In a huge blow to a lawsuit brought by four Chinese citizens, a real estate firm, and the American Civil Liberties Union (ACLU), a federal judge Thursday has rejected their attempts to block a new Florida law restricting Chinese nationals, and nationals of some other countries, from buying land or homes in the state.
U.S. District Judge Allen Winsor, a former President Donald Trump appointee, released a 51-page decision outlining his rejection of the injunction request, writing that the U.S. Supreme Court has “held that states could deny aliens ownership interests in land within their respective borders absent an arbitrary or unreasonable basis.”
The controversial law, SB 264, which was put into effect on July 1, puts strict guidelines in place to protect Florida “from the rising “geo-political threat” of the Chinese government subverting national and state security.” Apart from Chinese citizens, it restricts immigrants from countries including Cuba, Venezuela, Iran, North Korea, Russia and Syria.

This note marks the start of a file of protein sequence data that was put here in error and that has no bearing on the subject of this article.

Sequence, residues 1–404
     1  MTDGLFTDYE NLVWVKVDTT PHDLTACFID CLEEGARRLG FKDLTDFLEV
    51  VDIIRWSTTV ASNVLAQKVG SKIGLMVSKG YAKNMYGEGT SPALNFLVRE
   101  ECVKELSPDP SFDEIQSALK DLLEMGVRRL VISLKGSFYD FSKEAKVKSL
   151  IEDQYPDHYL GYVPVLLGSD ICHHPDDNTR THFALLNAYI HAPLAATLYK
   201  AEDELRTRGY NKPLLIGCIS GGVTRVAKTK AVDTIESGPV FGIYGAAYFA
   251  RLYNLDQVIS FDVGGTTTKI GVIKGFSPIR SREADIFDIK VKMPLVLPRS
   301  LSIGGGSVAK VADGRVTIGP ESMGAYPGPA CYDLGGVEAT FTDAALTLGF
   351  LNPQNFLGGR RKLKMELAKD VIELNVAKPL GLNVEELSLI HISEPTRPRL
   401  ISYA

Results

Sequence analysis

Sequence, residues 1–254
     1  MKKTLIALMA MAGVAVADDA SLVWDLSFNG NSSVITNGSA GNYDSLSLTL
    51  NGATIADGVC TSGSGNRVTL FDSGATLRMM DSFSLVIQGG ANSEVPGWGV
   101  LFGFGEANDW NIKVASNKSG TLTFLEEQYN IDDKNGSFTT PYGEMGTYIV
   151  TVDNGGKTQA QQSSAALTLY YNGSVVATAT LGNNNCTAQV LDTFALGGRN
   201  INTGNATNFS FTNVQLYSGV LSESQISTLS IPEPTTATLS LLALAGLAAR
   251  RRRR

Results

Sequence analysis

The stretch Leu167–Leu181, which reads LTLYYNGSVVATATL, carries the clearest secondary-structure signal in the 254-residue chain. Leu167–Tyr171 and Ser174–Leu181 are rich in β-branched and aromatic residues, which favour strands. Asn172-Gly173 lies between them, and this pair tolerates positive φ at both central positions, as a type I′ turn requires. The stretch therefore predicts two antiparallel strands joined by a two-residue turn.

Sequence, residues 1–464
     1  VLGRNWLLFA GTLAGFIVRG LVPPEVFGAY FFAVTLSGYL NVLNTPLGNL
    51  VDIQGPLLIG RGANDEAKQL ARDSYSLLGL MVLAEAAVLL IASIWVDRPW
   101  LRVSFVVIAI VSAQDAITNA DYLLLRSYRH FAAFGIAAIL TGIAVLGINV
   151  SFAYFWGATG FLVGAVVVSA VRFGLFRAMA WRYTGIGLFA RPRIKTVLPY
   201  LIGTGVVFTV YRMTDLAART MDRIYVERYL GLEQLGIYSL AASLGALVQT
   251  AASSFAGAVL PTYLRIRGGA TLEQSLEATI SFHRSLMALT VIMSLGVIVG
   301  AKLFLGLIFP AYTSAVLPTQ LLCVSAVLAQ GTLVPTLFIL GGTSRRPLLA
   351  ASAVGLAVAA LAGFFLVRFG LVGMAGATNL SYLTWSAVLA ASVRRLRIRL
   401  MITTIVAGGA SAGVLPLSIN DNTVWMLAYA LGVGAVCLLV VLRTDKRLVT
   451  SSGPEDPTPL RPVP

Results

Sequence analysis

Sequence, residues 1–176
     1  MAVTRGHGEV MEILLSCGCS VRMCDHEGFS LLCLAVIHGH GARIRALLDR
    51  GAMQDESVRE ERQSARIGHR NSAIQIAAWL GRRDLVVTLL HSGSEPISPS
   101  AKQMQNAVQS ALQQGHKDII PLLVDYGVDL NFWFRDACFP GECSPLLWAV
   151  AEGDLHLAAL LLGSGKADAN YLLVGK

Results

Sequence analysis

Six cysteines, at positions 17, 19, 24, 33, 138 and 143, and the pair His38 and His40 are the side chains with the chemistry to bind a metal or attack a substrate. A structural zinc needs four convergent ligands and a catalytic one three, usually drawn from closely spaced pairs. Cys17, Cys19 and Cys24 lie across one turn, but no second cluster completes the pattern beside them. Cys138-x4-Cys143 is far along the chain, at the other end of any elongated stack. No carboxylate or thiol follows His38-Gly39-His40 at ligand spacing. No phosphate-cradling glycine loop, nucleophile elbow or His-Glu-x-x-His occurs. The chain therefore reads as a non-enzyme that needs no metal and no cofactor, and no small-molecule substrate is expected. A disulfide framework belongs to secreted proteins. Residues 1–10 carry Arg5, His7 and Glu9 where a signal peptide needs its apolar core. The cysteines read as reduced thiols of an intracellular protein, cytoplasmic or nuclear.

On the other hand, the Biden administration has filed a “statement of interest” in support of the lawsuit, maintaining that the new law is unconstitutional in violating federal law and the U.S. Constitution and will “cause serious harm to people simply because of their national origin.”
“In our view, which the U.S. Government has supported as an amicus, people from China should be no less welcome in Florida than they are elsewhere in the United States and free to participate in the housing market on equal footing with everyone else,” said Derek Shaffer, a partner at Quinn Emanuel, the law firm representing the plaintiffs.
When asked for a reaction to the court’s ruling, Florida Governor Ron DeSantis said he was “pleased with the decision.”
“As I have emphasized many times before, it is my duty as Governor to always look out for the best interests of Florida and its citizens. The Constitution and laws of the United States are designed to protect our citizens’ rights without discriminating against any group. Florida’s new law does just that—locking down Florida’s real estate market to protect it from foreign threats,” he said in a statement.
Advocates for the ACLU hoped for better results but still plan to move forward with the appeal.
“While today’s decision is disheartening, our clients will continue to fight for their rights to equality and fairness on appeal,” said Ashley Gorski, a senior staff attorney with the ACLU’s National Security Project.
It remains to be seen how this back-and-forth plays out. Given this ruling, however, it appears the ACLU may have a tough battle ahead of them.